The most important rules and principles to planning a Mormon-friendly menu. Follow Mormon food etiquette to prepare a menu that your guests will enjoy. Avoid embarrassment and be an ideal host.
What Mormon food etiquette is
Mormon food etiquette is the set of rules to plan a menu that is appropriate for guests who follow the Mormon dietary restrictions. Such rules include:
- The allowed foods and ingredients.
- How to ask about dietary restrictions.
- How to deal with your guests’ diets.
If you are hosting, respect Mormon food etiquette to properly plan a menu that your guests will enjoy and to avoid any embarrassments.
If you are a guest, follow Mormon food etiquette to politely deal with your hosts and the other guests.
Mormon food etiquette rules
1) Respect Mormon dietary restrictions in your menu
The Mormon religion does not set dietary laws. The only strict rule forbids the consumption of food that contains stimulants.
Meat is allowed in the Mormon diet
Mormons can eat any type of meat. However, the consumption of meat is often limited. According to some accounts, Mormons tend to avoid meat with large quantities of blood.
Fish and seafood are allowed foods in the Mormon diet
Mormons normally can eat fish, seafood, or shellfish.
Milk, dairy products, and cheese are allowed
Milk, dairy products, and cheese are normally included in the Mormon diet.
Eggs and honey are ok
Eggs and honey are widely accepted.
Vegetables and fruit are always ok
The Mormon diet allows all vegetables and fruit.
Grains are ok
Mormons can eat any type of grain. Rice. Pasta. Couscous. Quinoa. Amaranth. The same applies to bakery products and bread. Mormons can eat pizza too.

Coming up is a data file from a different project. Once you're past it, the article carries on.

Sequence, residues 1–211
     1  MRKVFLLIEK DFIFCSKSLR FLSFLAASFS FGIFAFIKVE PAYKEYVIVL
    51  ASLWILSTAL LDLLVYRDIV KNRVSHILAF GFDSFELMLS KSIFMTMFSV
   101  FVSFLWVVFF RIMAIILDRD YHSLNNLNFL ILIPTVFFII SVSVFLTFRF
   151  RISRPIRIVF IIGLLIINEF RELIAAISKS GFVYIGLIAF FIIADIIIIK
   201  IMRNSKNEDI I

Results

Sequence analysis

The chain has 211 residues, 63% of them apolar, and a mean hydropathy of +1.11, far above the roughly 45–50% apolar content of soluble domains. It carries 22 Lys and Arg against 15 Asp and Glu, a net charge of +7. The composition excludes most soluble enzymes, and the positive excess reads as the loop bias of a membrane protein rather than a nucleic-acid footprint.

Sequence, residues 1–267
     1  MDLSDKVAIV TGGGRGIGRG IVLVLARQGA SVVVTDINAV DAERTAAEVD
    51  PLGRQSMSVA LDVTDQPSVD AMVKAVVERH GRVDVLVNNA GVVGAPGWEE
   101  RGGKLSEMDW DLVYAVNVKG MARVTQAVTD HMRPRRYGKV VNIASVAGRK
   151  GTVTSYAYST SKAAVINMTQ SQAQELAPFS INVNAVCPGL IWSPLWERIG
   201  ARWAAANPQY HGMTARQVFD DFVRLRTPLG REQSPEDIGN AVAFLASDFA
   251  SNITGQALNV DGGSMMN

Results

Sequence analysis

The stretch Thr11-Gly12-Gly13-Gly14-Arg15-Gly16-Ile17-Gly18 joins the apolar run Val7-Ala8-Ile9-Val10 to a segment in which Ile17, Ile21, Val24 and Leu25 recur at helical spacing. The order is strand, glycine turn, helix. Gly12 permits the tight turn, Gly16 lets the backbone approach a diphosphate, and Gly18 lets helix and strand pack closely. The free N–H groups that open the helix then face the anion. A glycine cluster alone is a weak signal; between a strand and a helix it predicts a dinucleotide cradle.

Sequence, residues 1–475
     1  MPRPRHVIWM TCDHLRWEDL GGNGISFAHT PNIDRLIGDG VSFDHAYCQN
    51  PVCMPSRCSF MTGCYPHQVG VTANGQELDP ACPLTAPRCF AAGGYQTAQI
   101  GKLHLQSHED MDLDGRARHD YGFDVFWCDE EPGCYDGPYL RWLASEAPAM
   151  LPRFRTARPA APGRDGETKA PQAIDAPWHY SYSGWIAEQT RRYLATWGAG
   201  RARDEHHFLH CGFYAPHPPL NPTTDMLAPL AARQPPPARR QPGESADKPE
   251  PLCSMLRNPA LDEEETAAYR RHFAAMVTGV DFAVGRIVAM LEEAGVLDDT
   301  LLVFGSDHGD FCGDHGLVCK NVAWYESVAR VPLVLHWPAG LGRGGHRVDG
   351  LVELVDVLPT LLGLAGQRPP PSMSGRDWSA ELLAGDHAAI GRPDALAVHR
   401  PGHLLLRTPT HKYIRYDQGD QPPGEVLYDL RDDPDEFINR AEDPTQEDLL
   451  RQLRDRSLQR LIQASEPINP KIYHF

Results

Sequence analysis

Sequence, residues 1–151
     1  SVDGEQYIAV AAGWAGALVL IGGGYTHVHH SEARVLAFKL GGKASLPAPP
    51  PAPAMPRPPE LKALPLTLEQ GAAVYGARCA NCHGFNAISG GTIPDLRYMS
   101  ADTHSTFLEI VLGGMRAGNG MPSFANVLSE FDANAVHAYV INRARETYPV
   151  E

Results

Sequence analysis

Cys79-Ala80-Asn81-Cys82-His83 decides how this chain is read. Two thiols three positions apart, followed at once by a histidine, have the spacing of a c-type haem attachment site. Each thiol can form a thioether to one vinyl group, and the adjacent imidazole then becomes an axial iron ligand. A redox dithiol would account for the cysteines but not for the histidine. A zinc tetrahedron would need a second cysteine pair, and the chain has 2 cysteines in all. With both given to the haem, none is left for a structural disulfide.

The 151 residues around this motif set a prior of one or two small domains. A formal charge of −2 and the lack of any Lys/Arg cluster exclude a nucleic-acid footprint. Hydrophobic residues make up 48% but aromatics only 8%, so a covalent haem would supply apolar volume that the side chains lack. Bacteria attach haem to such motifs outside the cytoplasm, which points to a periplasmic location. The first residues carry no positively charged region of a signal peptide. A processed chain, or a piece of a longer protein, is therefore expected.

Condiments are almost always ok
Mormons can normally consume oil, salt, and spices. The Mormon diet does not allow vinegar made from wine.
Sweets and desserts are generally ok
The Mormon diet can include most types of sweets or desserts. Some think that sugar is a stimulant. Thus, it must be limited or avoided altogether. However, such a view is not widely adopted.
Drinks without stimulants are ok
Mormons cannot consume coffee, tea, or alcohol. Any food or drink that contains stimulants must be avoided.
Mormons do not consume soft drinks that contain caffeine or a similar stimulant. Thus, Coke or Red Bull might not be allowed.
2) Etiquette for asking guests about their Mormon diet
It is perfect etiquette to ask your guests about their Mormon dietary restrictions.
In written formal invitations, it is sufficient to ask guests to please inform the hosts about any dietary requirements.
In informal invitations, a simple “do you follow any diet or have any dietary restriction?” works. Another option is to ask if guests avoid any food.
It is against etiquette to ask further questions. Such as why someone follows the Mormon dietary rules. Or why someone excludes or includes a certain food.
If you have a genuine curiosity, you may ask such questions. However, it is polite to justify your curiosity. In other words, state why you are curious about it. Be apologetic. Never judge or question the answers you get.